Day 1: Leave JFK/Arrive in Delhi – Excited

 

My long overdue trip (last time I went was 20 years ago)  to India begin at JFK. I was giddy and excited — I couldn’t believe I was going to India, especially since I only decided on Monday, got my Visa on Tuesday, booked my ticket on Wednesday, and flew out on Thursday!

My friends and family around my age said the most surprising thing is that “everyone looks like you.”  I understood, but I didn’t really understand… After a ridiculously comfortable flight (on Air India!), I arrived on Friday evening in India. Customs took me a total of 20 minutes to get through, and my driver was there waiting for me five minutes later. I headed towards Old Delhi (Daryaganj) to stay with a buddy of mine from Michigan (Dinkar). I was captivated, staring at everything that passed me. I expected to be overwhelmed by the changes that everyone has spoken about in India. But, I realized I had no expectations and no image to base my comparison. I was simply absorbing everything… Surprisingly, despite the fact that I do not know Hindi and many friends call me a “white” Indian, I still felt at home — perhaps because everyone looked like me?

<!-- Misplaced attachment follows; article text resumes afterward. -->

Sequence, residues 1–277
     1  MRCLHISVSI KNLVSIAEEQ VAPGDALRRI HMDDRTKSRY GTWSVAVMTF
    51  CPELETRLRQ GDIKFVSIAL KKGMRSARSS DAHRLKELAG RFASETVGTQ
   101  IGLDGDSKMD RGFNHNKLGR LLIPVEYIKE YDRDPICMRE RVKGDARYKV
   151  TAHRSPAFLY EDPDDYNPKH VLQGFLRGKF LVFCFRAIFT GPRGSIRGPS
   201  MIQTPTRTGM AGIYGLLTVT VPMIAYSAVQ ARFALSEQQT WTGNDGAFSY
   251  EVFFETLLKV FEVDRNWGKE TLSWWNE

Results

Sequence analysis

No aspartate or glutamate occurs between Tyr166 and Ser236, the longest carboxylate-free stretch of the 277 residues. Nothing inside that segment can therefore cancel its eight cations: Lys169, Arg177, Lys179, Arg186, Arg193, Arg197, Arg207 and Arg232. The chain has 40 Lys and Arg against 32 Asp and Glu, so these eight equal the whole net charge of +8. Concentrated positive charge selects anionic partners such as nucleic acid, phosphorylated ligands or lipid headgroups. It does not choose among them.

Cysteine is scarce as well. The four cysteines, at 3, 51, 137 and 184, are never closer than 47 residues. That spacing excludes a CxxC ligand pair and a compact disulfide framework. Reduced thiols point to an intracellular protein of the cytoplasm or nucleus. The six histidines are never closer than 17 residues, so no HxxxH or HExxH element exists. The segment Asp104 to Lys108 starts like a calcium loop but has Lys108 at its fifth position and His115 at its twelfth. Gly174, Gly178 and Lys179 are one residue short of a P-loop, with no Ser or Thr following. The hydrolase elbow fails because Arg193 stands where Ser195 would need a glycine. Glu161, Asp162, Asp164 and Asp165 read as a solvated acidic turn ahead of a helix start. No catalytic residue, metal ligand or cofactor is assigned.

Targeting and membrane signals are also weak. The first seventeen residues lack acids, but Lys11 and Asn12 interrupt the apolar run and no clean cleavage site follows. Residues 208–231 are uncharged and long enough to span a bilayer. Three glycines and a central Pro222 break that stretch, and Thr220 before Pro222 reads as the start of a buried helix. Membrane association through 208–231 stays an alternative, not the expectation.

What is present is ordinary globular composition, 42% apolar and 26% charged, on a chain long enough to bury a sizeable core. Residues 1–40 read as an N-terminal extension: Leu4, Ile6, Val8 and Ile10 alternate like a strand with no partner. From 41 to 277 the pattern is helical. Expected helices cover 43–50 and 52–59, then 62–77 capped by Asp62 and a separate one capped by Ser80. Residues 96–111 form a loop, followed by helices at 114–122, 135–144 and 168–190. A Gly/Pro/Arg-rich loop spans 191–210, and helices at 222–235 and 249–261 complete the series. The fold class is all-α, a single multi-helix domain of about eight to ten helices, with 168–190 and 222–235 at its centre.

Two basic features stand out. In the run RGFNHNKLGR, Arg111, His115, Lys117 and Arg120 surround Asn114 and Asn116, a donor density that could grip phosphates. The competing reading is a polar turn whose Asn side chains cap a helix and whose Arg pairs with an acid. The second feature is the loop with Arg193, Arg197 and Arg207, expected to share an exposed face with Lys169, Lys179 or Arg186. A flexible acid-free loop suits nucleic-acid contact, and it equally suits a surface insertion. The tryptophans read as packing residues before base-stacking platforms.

The first “billboard” (more like a poster) I saw when I going on to the highway was a poster of Amma (“The Hugging Saint” —http://en.wikipedia.org/wiki/Mata_Amritanandamayi). I thought this is probably a good sign, being that my family and I have gone to see her multiple times. The streets were filled with auto-rickshaws, motorbikes, and bicycles — most modes of transport filled with the maximum capacity plus one or two. Most streets have some sort of construction in progress and I could never find a single street sign (maybe I didn’t know where to look), somehow everything flowed despite what may seem like chaos to some.

I arrived at Dinkar’s place, got washed up and shortly thereafter we hit the streets to watch the first part of the Holi festival — bonfires along the street that symbolize the triumph of good over evil (I will try to find the details of the story)… We stood by a bonfire and gentlemen put a bindi on my forehead, and gulal (red powder) on my cheeks and I am instructed to put gulal on his cheeks. Dinkar tells me this is the only time that you willingly allow someone to put colors on you…

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